Clinical Research Papers:

Aberrant patterns of brain cerebral blood flow in Chinese han first-episode drug-naïve depressive patients with and without a family history of depression

Shikai Wang, Lina Wang, Ping Jing, Ping Guo, Weifang Zheng, Jie Li and Mincai Qian _

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Oncotarget. 2017; 8:79906-79913. https://doi.org/10.18632/oncotarget.20306

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Shikai Wang1,*, Lina Wang2,*, Ping Jing3,*, Ping Guo1, Weifang Zheng3, Jie Li2 and Mincai Qian1

1Department of Psychological Medicine, Huzhou Third People’s Hospital, Huzhou, China

2Department of Psychological Medicine, Tianjin Anding Hospital, Tianjin, China

3Department of Psychological Medicine, Wenzhou Seventh People’s Hospital, Wenzhou, China

*These authors contributed equally to this work

Correspondence to:

Mincai Qian, email: [email protected]

Jie Li, email: [email protected]

Keywords: depression, family history, pCASL, regional cerebral blood flow, aberrant pattern

Received: June 08, 2017     Accepted: August 04, 2017     Published: August 17, 2017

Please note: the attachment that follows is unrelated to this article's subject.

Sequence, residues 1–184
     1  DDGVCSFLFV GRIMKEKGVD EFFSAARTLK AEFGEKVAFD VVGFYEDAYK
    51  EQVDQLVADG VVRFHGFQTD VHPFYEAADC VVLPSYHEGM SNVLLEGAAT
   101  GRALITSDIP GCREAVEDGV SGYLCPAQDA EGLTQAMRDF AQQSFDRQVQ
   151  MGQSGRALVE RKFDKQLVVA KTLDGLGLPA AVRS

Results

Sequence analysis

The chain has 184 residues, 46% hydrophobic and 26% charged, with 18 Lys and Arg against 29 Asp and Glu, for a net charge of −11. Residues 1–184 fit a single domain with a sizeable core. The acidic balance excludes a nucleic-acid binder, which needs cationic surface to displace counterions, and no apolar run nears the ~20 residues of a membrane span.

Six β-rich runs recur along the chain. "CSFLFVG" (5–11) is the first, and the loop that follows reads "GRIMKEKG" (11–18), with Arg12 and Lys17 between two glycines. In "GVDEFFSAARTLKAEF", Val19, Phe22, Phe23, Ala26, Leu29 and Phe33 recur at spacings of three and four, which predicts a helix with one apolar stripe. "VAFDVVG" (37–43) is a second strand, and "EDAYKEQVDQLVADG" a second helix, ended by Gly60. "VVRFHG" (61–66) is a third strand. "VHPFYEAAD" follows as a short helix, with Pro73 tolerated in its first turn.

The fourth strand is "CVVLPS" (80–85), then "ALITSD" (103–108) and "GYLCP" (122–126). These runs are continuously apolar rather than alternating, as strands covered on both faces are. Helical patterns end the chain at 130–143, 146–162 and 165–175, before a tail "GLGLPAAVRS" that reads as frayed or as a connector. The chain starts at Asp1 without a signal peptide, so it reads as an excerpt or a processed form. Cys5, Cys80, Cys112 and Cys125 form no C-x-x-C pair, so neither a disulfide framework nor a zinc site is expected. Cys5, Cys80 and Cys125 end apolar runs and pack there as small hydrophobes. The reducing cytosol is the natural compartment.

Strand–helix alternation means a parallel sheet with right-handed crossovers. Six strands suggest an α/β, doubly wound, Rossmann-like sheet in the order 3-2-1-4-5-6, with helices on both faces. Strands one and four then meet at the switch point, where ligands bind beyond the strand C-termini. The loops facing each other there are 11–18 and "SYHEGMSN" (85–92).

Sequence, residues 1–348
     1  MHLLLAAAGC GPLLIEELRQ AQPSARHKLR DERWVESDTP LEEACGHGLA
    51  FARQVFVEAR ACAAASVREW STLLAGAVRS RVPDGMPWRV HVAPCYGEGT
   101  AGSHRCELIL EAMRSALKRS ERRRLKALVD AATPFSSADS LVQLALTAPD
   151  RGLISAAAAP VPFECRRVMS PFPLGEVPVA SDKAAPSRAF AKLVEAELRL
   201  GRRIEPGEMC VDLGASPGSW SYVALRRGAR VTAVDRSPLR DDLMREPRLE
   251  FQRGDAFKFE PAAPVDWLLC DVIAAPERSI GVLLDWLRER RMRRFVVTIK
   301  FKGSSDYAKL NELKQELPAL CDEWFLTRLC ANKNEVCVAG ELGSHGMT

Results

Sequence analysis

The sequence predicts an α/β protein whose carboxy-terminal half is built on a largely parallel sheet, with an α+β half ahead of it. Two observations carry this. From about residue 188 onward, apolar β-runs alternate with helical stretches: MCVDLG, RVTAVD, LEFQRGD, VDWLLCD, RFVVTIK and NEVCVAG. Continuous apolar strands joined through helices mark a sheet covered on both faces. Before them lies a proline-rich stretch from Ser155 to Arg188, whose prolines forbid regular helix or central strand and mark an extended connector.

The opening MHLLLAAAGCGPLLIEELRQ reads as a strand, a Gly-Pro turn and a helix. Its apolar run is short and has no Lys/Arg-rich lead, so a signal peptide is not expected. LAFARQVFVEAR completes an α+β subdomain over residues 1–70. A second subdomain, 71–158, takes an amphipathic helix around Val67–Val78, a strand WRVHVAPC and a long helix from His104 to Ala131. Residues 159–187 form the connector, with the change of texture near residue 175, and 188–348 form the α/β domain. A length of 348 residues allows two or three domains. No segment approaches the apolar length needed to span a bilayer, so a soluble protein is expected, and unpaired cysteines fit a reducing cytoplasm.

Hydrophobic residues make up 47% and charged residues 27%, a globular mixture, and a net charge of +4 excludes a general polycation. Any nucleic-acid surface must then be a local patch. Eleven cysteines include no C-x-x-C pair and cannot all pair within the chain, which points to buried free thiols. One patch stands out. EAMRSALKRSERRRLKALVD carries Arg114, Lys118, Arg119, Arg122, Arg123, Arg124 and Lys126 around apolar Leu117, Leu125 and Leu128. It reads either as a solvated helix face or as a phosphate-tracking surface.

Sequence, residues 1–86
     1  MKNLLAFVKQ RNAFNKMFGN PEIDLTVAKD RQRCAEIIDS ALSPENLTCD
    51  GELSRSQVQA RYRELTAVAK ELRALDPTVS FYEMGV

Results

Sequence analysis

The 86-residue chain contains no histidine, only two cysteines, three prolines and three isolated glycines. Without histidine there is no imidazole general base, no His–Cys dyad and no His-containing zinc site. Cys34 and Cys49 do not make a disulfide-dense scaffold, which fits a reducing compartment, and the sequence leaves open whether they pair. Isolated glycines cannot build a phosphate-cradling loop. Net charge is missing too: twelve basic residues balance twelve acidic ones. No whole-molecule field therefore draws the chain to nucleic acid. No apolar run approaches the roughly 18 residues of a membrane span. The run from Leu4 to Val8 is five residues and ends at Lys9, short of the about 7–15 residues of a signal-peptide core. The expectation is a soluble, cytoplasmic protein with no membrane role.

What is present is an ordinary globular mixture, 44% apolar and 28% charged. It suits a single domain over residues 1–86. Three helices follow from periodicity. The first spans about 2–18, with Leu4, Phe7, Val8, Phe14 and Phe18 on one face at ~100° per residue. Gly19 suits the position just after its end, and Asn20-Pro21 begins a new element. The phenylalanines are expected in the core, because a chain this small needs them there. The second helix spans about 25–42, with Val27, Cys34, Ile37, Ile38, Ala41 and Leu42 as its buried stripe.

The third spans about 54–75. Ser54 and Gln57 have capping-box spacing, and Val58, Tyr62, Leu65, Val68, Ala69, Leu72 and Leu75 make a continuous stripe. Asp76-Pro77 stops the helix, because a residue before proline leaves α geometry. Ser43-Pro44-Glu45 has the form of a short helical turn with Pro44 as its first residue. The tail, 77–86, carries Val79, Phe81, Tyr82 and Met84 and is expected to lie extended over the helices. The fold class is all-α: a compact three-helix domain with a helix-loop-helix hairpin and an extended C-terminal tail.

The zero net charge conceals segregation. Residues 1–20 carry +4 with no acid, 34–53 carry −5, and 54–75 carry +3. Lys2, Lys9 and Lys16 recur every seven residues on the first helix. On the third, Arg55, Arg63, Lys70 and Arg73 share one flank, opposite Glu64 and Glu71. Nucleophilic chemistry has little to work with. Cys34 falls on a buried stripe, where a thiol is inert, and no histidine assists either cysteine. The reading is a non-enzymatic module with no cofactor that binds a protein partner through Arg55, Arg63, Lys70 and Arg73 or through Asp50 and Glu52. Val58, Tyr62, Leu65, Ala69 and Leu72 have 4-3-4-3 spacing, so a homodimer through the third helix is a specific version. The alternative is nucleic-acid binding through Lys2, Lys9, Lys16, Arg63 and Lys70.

A positive family history plays a key role in the brain pathology of depression patients and previous research has confirmed that disturbed mood maintenance may be related to abnormal regional cerebral blood flow (rCBF). However, little is known about whether the rCBF is different between depression patients with and without family histories. To address this question, we examined the rCBF in drug-naïve, first-episode depression patients with and without family histories of depression using a 3D pseudo-continuous arterial spin-labelling technique. We found that decreased rCBF was predominantly observed in the patients without family histories, while decreased and increased rCBF co-existed in patients with family histories. The observed brain regions with altered rCBF were associated with affection processing, such as the prefrontal, occipital and insular areas. However the patterns of rCBF alteration observed in the present study were different from those found in previous studies where patients were compared with healthy controls. Our present findings, together with the findings from previous studies have prompted the need of a long-term follow-up study to characterize the brain features of the developmental trajectory of depression and investigate the targets for precise, personalized treatments.

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